City Council discussed police reforms during a work session on March 20 and ousted longtime City Manager Gary Jackson, who was about nine months away from retirement.
Disputes over what kinds of residential arrangements should be eligible for the city’s homestay rental program seem likely to get an airing when City Council hears a report on the findings of a task force devoted to that issue at its regular meeting on Dec. 13.
This year’s meal fed over 700 people and was served by community volunteers, including Asheville Mayor Esther Manheimer, Vice Mayor Gwen Wisler, District Attorney Todd Williams and Terry Bellamy, director of communications for the Asheville Housing Authority.
City Council’s regular meeting on Tuesday, March 22 at 5 p.m. will be preceded by a budget worksession at 3 p.m. in the first floor conference room of City Hall.
Asheville City Council seeks three at-large members from the community to join the city advisory team for a public engagement process to determine the community’s vision for city-owned properties on Haywood Street and Page Avenue.
Members of the Be Loved Community, formerly homeless residents of Asheville and several city council members gathered outside of City Hall prior to City Council’s weekly meeting on Tuesday, Dec. 8, to listen to firsthand accounts of homelessness, voice support for the city’s affordable housing initiatives and encourage members of the Asheville community to stand […]
Asheville City Council discussed the city’s new AAA rating, a land use revision, extending the living wage and zoning changes for affordable housing at the Tuesday, Sept. 22 regular meeting.
“Lindsey gets it, and she’s proven she can get it done. Asheville needs Lindsey Simerly.”
“[Julie Mayfield] is a valuable member of the city’s Multimodal Transportation Commission, where she has taken the lead on important issues, including improving safety for pedestrians and bicyclists.”
“For the past decade, [Julie Mayfield] has spearheaded efforts to make Asheville a healthier, more vibrant, and more just and sustainable community for everyone.
The final week of Xpress’ Asheville City Council candidates series comes with a surprise withdrawal from the race.This week, we have John Miall, Joe Grady, Keith Young and a withdrawal from Holly Shriner.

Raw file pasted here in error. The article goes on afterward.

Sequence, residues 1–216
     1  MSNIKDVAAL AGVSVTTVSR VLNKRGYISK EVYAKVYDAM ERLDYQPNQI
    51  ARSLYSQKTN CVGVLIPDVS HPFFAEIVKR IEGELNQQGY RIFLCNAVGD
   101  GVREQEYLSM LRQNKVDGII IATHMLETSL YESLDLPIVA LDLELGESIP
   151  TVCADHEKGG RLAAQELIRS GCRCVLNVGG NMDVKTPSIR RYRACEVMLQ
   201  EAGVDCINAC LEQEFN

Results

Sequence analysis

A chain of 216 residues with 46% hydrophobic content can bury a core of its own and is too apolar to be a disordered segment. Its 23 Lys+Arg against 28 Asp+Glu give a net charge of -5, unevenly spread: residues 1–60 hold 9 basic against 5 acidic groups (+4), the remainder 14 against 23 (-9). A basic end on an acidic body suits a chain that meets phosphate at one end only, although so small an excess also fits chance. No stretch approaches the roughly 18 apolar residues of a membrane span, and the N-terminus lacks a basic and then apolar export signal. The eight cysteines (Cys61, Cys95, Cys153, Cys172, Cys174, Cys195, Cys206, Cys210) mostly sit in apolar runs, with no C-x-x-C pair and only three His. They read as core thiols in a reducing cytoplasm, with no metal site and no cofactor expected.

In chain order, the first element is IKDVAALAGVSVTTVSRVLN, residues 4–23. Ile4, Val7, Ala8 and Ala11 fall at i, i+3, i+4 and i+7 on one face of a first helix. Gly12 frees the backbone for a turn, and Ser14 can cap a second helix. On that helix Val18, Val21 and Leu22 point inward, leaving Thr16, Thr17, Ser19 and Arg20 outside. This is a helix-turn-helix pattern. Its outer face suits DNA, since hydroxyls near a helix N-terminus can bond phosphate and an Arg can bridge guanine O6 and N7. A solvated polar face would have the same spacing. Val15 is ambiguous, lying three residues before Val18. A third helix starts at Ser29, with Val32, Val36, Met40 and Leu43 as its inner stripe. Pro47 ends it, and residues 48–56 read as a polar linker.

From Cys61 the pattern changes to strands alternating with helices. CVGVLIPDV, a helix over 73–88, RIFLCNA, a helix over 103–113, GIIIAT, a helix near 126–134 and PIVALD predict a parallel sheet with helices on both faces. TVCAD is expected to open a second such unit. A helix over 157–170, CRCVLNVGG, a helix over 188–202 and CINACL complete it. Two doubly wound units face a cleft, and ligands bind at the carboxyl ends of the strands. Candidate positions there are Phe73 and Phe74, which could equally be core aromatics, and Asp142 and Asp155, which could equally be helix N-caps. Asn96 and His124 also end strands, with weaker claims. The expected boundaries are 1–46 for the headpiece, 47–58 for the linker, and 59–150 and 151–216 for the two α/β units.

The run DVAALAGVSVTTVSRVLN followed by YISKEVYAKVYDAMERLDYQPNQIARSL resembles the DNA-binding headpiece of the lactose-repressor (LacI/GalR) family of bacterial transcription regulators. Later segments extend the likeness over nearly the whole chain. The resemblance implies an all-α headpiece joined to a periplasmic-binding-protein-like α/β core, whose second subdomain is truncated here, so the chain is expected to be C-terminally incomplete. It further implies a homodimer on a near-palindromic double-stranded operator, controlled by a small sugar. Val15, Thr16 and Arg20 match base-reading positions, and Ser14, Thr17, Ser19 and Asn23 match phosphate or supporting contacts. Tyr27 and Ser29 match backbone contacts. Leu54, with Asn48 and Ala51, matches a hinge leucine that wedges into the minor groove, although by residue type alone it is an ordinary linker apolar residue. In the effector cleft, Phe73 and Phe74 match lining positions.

Sixteen candidates have officially thrown their hats into the ring for the Asheville City Council elections this fall. Each week, Xpress will introduce, in brief, four candidates’ backgrounds and ideas for the city. Up this week is Grant Millin, Julie Mayfield, Rich Lee and Brian Haynes.
Sixteen candidates have officially thrown their hats into the ring for the Asheville City Council elections this fall. Each week, Xpress will introduce, in brief, four candidates’ backgrounds and ideas for the city. This week, we’ve got Corey Atkins, Carl Mumpower, Lindsey Simerly and Dee Williams.
After the U.S. Cellular Center decided to prohibit wild and exotic animal performances in January, the Asheville City Council decided to consider prohibiting these types of events from all city venues. A revision to the city’s animal ordinance, banning circuses and other wild animal entertainment, was passed at the Tuesday, July 28 meeting.
Sixteen candidates have officially thrown their hats into the ring for the Asheville City Council elections this fall. Each week, Xpress will introduce, in brief, four candidates’ backgrounds and ideas for the city. This week, we’ve got Marc Hunt, LaVonda Payne, Richard Liston and Ken Michalove.
Update: Four more candidates have filed for Asheville elections: Richard Liston, 2013 mayoral candidate John Miall, Holly Shriner and Dee Williams. And Rachel Halbert Allen filed for Black Mountain Alderman. By Thursday afternoon, 12 candidates had officially thrown their hats into the ring for the Asheville City Council elections this fall. In the surrounding Buncombe communities, an additional 20 candidates […]
Asheville City Council passed the 2015-2016 fiscal year budget yesterday that increases property taxes and fees for municipal services. The budget also gives raises to city employees. Council voted 6-1 to approve the budget, with Council member Chris Pelly voting against.
Cheers and jeers resounded from the podium about the budget, which Council will formally adopt on June 23. The $154-million budget includes a 1.5 cents property-tax increase.
On the agenda for the May 26 Asheville City Council meeting: lots of public hearings on housing projects around town, including a mixed-use development project at 146 Roberts St.
It’s not yet clear what action Asheville City Council members will take on short-term rentals, but Council is leaning toward stiffer fines, stricter enforcement and a continued ban in residential areas.
Duke Energy wants to put a new energy substation 300 feet away from a new LEED platinum-certified elementary school in Asheville, and parents say the mere idea of it will drive away students.